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Luring the Tourist to NE

Sentinel Digital DeskBy : Sentinel Digital Desk

  |  24 Sep 2017 12:00 AM GMT

With armed rebellions on the wane and people from the rest of the country evincing interest to visit the Northeast (NE) to see what this long-underrated hinterland looks like and what it has to offer them, there is of late a lot of hype as to what and how things need to be schemed for a vibrant tourism policy to take shape in this picturesque part of the country. More importantly, there have been spirited discourses as to what tourism as an industry can do to this region – and why indeed it must do. There is no gainsaying that endowed with a marvellous eco-diversity in terms of its uniquely rich flora and fau, breathtaking landscapes, and mesmerizing mix of ethnic communities with a unique plethora of cultures and traditions to showcase, NE as a tourism hub should have happened long ago, promoting the richness of this region as a pivot of tourist attraction for a whole lot of right reasons and at the same time – and most importantly – going a long way in cracking the huge unemployment problem among the educated youth. However, thanks to militancy and a myopic policy framework that did little to promote tourism as an industry in the right direction without endangering the region’s fragile ecosystem while also providing adequate safeguards to keep its indigenousness safe from any possible vested-interest migrant onslaught, the general discourse on tourism in NE has been nothing more than mere romanticization, let alone any solid task of propelling it to a new height of industry. Tawang in Aruchal Pradesh is a classic case in point. It was only after a film shot in the mid-1990s, starring Shahrukh Khan and Madhuri Dixit, in Tawang that this seat of Tibetan Buddhism in the country began to capture tiol tourist attention. Now of course tourism enthusiasts are thronging the town despite the harsh terrains on the high-altitude meandering way to it, giving a big boost to its own revenue-generation mechanism by way of a boom in its hotel and luxury enterprise as also by providing the much-needed employment opportunities to its unemployed youth.

Having said that, it is imperative that we understand what is needed in NE so that it flourishes as a tourism industrial zone. Experts in the field – who have both academic and ground reality experiences to back their roadmaps, based on their travels around the world and the comparisons they have reasobly drawn with what is best for the Northeast for it to mutate into a tourism hub, both tiol and intertiol – have informed us of the need for an adequate infrastructure pertaining to roads, hotels and resorts, transport and communication, and very importantly, tourist guides who have a good knowledge of history, sociology, economics, and culture and tradition of the areas they would take their tourists to. This apart, not only should these guides be amiable, friendliness and a helping attitude should also be the hallmark of the public in general. This is well evident in some of the hill stations of the country such as Shimla, Kulu, Mali, inital, Almora, and near home, Darjeeling and Gangtok, to me just a few. The chief elements of infrastructure as just mentioned, except for the people of NE who are generally quite amiable, are unfortutely yet to be put in place effectively. This, as experts have opined time and again, has been the main deterrence to the possibility of evolution of tourism into an industry in this region despite its immense tourism potential.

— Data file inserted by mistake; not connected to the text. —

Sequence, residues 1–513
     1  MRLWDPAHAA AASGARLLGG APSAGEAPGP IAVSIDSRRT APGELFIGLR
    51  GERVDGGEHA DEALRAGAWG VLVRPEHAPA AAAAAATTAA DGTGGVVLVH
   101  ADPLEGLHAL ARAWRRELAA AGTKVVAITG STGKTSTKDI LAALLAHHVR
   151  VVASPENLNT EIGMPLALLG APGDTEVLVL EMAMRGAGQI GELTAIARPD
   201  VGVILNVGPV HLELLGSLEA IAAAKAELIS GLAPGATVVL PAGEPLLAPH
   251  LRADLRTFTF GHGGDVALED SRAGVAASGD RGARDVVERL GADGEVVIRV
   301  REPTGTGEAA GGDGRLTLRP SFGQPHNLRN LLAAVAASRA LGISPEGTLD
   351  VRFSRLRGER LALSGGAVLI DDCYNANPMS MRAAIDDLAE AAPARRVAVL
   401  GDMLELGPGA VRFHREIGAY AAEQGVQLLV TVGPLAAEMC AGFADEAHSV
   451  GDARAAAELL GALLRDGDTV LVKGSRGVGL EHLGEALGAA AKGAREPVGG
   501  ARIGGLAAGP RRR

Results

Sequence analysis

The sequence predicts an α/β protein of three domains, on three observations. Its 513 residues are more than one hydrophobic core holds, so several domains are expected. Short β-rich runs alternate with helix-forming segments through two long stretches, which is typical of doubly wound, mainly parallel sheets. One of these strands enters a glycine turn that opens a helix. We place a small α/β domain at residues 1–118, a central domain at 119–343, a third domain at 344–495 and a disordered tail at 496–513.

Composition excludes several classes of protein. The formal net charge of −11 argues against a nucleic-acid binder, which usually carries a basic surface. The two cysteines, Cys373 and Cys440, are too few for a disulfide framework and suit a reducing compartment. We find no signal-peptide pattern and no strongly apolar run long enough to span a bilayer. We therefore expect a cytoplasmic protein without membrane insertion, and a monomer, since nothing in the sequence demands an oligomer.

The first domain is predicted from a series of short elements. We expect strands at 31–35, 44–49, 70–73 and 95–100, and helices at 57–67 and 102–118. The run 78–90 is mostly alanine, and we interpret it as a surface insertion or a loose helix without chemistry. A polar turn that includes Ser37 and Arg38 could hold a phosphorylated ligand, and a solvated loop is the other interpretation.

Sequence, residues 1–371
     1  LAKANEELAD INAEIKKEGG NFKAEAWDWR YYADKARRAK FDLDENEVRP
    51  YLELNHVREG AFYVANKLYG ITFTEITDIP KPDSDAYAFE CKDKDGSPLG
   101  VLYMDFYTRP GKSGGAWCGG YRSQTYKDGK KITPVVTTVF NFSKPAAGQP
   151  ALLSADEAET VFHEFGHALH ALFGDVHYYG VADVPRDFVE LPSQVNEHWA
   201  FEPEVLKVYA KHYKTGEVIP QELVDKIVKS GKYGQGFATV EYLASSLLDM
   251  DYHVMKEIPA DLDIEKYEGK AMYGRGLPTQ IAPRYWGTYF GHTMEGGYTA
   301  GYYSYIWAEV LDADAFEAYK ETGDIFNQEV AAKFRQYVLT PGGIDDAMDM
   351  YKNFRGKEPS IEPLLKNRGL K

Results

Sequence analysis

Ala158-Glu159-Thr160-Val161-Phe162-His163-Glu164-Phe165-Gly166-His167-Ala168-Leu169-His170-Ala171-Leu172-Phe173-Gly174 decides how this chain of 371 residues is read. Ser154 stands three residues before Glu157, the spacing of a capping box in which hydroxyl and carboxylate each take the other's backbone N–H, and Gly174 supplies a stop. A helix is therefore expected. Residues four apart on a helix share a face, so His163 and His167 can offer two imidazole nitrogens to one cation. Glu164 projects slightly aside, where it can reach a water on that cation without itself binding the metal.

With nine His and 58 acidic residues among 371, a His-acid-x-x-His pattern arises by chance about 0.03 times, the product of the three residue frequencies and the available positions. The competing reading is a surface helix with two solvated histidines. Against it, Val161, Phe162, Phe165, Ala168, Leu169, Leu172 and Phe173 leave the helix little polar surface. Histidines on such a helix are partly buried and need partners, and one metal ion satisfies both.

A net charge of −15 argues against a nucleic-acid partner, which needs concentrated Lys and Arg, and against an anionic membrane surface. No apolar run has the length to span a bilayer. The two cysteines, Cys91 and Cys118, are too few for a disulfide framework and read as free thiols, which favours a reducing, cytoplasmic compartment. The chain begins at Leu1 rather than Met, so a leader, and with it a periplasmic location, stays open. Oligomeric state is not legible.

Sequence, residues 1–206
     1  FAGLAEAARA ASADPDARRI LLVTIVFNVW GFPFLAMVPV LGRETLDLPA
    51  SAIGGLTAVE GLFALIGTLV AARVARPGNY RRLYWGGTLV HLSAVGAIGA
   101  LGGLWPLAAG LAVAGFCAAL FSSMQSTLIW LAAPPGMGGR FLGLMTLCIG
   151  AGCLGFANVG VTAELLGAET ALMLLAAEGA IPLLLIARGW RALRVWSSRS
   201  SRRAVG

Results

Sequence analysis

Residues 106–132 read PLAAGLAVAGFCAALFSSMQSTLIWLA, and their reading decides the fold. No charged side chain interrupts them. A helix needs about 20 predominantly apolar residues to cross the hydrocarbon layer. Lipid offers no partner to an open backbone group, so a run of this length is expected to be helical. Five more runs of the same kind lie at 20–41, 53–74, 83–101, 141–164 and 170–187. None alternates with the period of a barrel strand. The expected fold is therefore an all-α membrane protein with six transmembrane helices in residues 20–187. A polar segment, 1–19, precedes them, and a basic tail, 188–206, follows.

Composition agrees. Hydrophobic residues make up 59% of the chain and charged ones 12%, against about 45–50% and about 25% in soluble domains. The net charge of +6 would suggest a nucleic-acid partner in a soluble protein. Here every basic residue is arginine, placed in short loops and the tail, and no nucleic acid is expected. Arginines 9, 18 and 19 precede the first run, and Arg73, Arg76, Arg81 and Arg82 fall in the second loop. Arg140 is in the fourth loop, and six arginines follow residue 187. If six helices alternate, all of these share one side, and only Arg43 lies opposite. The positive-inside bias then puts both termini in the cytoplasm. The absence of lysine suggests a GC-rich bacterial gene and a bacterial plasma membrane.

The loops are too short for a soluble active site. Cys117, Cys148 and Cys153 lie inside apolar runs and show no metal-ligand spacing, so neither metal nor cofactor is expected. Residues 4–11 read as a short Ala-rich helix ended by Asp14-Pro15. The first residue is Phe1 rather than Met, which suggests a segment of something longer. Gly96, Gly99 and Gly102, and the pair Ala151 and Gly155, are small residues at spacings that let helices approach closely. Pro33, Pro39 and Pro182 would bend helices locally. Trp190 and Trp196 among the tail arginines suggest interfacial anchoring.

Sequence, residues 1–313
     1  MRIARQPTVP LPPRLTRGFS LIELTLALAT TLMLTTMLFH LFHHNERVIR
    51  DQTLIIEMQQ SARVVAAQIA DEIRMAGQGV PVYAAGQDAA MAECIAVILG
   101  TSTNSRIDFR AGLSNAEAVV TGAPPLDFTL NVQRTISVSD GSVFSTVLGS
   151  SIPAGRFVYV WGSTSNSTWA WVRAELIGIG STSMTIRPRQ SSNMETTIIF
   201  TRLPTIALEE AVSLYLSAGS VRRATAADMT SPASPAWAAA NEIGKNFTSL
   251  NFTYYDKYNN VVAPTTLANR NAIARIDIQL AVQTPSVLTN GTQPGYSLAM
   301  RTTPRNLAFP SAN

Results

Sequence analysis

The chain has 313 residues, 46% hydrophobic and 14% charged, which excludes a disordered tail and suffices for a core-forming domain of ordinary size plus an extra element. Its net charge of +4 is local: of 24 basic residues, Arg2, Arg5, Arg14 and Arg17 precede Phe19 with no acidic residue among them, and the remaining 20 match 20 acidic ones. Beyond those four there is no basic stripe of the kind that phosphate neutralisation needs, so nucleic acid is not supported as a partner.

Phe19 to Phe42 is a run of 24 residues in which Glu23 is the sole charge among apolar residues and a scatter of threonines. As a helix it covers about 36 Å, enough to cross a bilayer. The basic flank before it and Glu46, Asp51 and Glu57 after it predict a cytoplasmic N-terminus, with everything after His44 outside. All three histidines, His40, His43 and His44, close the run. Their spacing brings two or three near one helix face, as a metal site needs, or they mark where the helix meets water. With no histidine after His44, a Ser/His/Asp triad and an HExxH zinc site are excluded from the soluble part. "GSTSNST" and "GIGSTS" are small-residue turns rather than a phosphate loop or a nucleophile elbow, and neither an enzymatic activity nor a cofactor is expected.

What then are the kinds of tourism possible here in a big way? Many, indubitably. Of these, as has been pointed out in recent times at tourism conclaves and deliberations, some crucial ones are cultural tourism with heritage and history components attached to it, general ture tourism, tea tourism, and adventure tourism with aspects such trekking, river rafting, river cruises, and even fishing. Except adventure tourism, all other forms of tourism, apart from the existence of hard infrastructure in the form of communication and quality but affordable accommodation, the existence of soft tourism infrastructure is a must, which entails tourist guides with good knowledge as well as the required language skills and a warm and friendly general public. In fact there are tourism courses these days in some universities, with some being offered by private institutes as well. Students from this region may be encouraged to opt for such courses with additiol history-geography-sociology-economics knowledge and good communication skills to the required extent, who can then be easily roped in for tourist guide engagements – an excellent way to generate employment and help evolve tourism as an industry.

To drive home a point, heritage-pilgrimage tourism to heritage-pilgrimage centres like Tezpur, Sivasagar, Malini Than (at Likabali bordering Aruchal Pradesh), Parasuram Kunda, Madan Kamadev and Hajo (both in Assam), and of course Tawang famous the world over for its rich and pristine Buddhist culture and heritage, apart from a host of such hubs spread across the rest of the Northeast, can prove very enterprising and sustaible. Goa has an excellent record of a variety of such tourism with its ancient churches drawing huge crowds the year over. NE, with Christianity being a major faith here, can draw a classic clue then.

The fact of the matter is that tourism in these times, when people are fincially far better off than before and when many of them are taking to the path of being avid travellers, can definitely prove to be a big fincial breaking story by way of its meaningful evolution into a roaring industry. And what better place in India for that to happen than this beautiful and resourceful northeastern region as it aspires to evolve with times!

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